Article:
Connect to a virtual network using Azure API Management

With Azure Virtual Networks (VNETs), you can place any of your Azure resources in a non-internet-routable network to which you control access. You can then connect VNETs to your on-premises networks using various VPN technologies. To learn more about Azure VNETs, start with the information in the Azure Virtual Network Overview.

Azure API Management can be deployed inside the VNET to access backend services within the network. You can configure the developer portal and API gateway to be accessible either from the internet or only within the VNET.

This article explains VNET connectivity options, settings, limitations, and troubleshooting steps for your API Management instance. For configurations specific to the internal mode, where the developer portal and API gateway are accessible only within the VNET, see Connect to an internal virtual network using Azure API Management.


The API import document URL must be hosted on a publicly accessible internet address.


This article has been updated to use the Azure Az PowerShell module. The Az PowerShell module is the recommended PowerShell module for interacting with Azure. To get started with the Az PowerShell module, see Install Azure PowerShell. To learn how to migrate to the Az PowerShell module, see Migrate Azure PowerShell from AzureRM to Az.



This feature is available in the Premium and Developer tiers of API Management.


  • A Standard SKU public IPv4 address, if your client uses API version 2021-01-01-preview or later. The public IP address resource is required when setting up the virtual network for either external or internal access. With an internal virtual network, the public IP address is used only for management operations. Learn more about IP addresses of API Management.

    • The IP address must be in the same region and subscription as the API Management instance and the virtual network.

    • The value of the IP address is assigned as the virtual public IPv4 address of the API Management instance in that region.

    • When changing from an external to internal virtual network (or vice versa), changing subnets in the network, or updating availability zones for the API Management instance, you must configure a different public IP address.


    Currently, the Azure portal uses API version 2021-01-01 preview when creating or updating an API Management instance. You can specify this API version using an Azure Resource Manager template or the API Management REST API. The Azure CLI and Azure PowerShell currently support API version 2020-12-01.

Enable VNET connection

Enable VNET connectivity using the Azure portal

  1. Go to the Azure portal to find your API management instance. Search for and select API Management services.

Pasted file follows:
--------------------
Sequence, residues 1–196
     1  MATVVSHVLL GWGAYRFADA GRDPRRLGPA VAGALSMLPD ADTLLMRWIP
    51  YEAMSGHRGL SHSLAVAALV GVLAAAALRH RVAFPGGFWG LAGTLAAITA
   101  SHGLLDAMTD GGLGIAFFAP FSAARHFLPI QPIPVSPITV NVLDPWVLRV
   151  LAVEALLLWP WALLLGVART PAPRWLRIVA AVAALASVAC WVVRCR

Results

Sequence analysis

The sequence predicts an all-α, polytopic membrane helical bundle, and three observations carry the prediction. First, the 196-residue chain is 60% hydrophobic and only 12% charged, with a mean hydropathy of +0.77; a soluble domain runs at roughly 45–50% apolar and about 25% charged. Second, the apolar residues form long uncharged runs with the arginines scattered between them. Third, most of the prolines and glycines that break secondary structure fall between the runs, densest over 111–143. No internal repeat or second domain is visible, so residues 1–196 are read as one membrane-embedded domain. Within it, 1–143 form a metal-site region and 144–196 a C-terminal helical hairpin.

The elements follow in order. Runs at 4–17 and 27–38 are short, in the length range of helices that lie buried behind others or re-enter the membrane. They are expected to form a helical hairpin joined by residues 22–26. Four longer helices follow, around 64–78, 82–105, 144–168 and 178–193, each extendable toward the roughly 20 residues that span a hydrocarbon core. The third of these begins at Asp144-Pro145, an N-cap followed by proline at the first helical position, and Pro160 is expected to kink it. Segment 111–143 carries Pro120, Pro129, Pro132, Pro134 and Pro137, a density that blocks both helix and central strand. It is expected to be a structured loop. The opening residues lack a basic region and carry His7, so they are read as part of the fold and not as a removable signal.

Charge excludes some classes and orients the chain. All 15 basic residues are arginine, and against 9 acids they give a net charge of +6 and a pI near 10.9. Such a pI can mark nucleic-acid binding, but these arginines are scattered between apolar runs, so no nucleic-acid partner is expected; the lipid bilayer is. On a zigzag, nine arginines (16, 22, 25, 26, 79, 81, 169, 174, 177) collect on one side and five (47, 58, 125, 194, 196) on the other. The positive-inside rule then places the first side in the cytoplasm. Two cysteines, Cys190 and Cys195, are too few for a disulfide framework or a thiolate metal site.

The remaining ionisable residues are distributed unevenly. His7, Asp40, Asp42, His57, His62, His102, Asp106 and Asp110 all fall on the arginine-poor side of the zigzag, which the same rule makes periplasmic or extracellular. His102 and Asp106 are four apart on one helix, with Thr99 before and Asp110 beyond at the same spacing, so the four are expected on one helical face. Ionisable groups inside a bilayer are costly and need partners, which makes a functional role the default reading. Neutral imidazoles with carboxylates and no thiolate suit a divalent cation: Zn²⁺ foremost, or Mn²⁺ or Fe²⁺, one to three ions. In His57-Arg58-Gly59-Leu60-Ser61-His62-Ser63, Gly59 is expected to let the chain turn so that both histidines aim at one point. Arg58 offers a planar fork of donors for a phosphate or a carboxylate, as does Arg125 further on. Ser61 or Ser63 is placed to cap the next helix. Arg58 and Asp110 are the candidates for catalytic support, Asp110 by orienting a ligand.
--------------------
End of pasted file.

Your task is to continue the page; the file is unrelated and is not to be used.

2. Choose your API Management instance.

  3. Select Virtual network.

  4. Configure the API Management instance to be deployed inside a VNET.

    Select VNET in Azure portal.

  5. Select the desired access type:

    • Off: Default type. API Management is not deployed into a VNET.

    • External: The API Management gateway and developer portal are accessible from the public internet via an external load balancer. The gateway can access resources within the VNET.

      Public peering

    • Internal: The API Management gateway and developer portal are accessible only from within the VNET via an internal load balancer. The gateway can access resources within the VNET.

      Private peering

  6. If you selected External or Internal, you will see a list of all locations (regions) where your API Management service is provisioned.

  7. Choose a Location.

  8. Pick Virtual network, Subnet, and IP address.

    • The VNET list is populated with Resource Manager VNETs available in your Azure subscriptions, set up in the region you are configuring.

      VNET settings in the portal.


      • If using API version 2020-12-01 or earlier to deploy an Azure API Management instance in a Resource Manager VNET: The service must be in a dedicated subnet that contains only Azure API Management instances. Attempting to deploy an Azure API Management instance to a Resource Manager VNET subnet that contains other resources will cause the deployment to fail.

      • If using API version 2021-01-01-preview or later to deploy an Azure API Management instance in a VNET: Only a Resource Manager VNET is supported, but the subnet used may contain other resources. You don't have to use a subnet dedicated to API Management instances.

  9. Select Apply. The Virtual network page of your API Management instance is updated with your new VNET and subnet choices.

  10. Continue configuring VNET settings for the remaining locations of your API Management instance.

  11. In the top navigation bar, select Save, then select Apply network configuration.

    It can take 15 to 45 minutes to update the API Management instance.


With clients using API version 2020-12-01 and earlier, the VIP address of the API Management instance will change when:

  • The VNET is enabled or disabled.
  • API Management is moved from External to Internal virtual network, or vice versa.


  • If you are using API version 2018-01-01 and earlier:
    The VNET will lock for up to six hours if you remove API Management from a VNET or change the VNET. During these six hours, you can't delete the VNET or deploy a new resource to it.

  • If you are using API version 2019-01-01 and later:
    The VNET is available as soon as the associated API Management service is deleted.

Deploy API Management into External VNET

You can also enable VNET connectivity by using the following methods.

API version 2021-01-01-preview

API version 2020-12-01

  • Azure Resource Manager template

    Deploy to Azure

  • Azure PowerShell cmdlets - Create or update an API Management instance in a VNET

Connect to a web service hosted within a virtual network

Once you've connected your API Management service to the VNET, you'll be able to access backend services within it just as you do public services. When creating or editing an API, type the local IP address or the host name (if a DNS server is configured for the VNET) of your web service into the Web service URL field.

Add API from VPN

Common Network Configuration Issues

Common misconfiguration issues that can occur while deploying API Management service into a VNET include:

  • Custom DNS server setup:
    The API Management service depends on several Azure services. When API Management is hosted in a VNET with a custom DNS server, it needs to resolve the hostnames of those Azure services.


    If you plan to use a Custom DNS server(s) for the VNET, set it up before deploying an API Management service into it. Otherwise, you'll need to update the API Management service each time you change the DNS Server(s) by running the Apply Network Configuration Operation.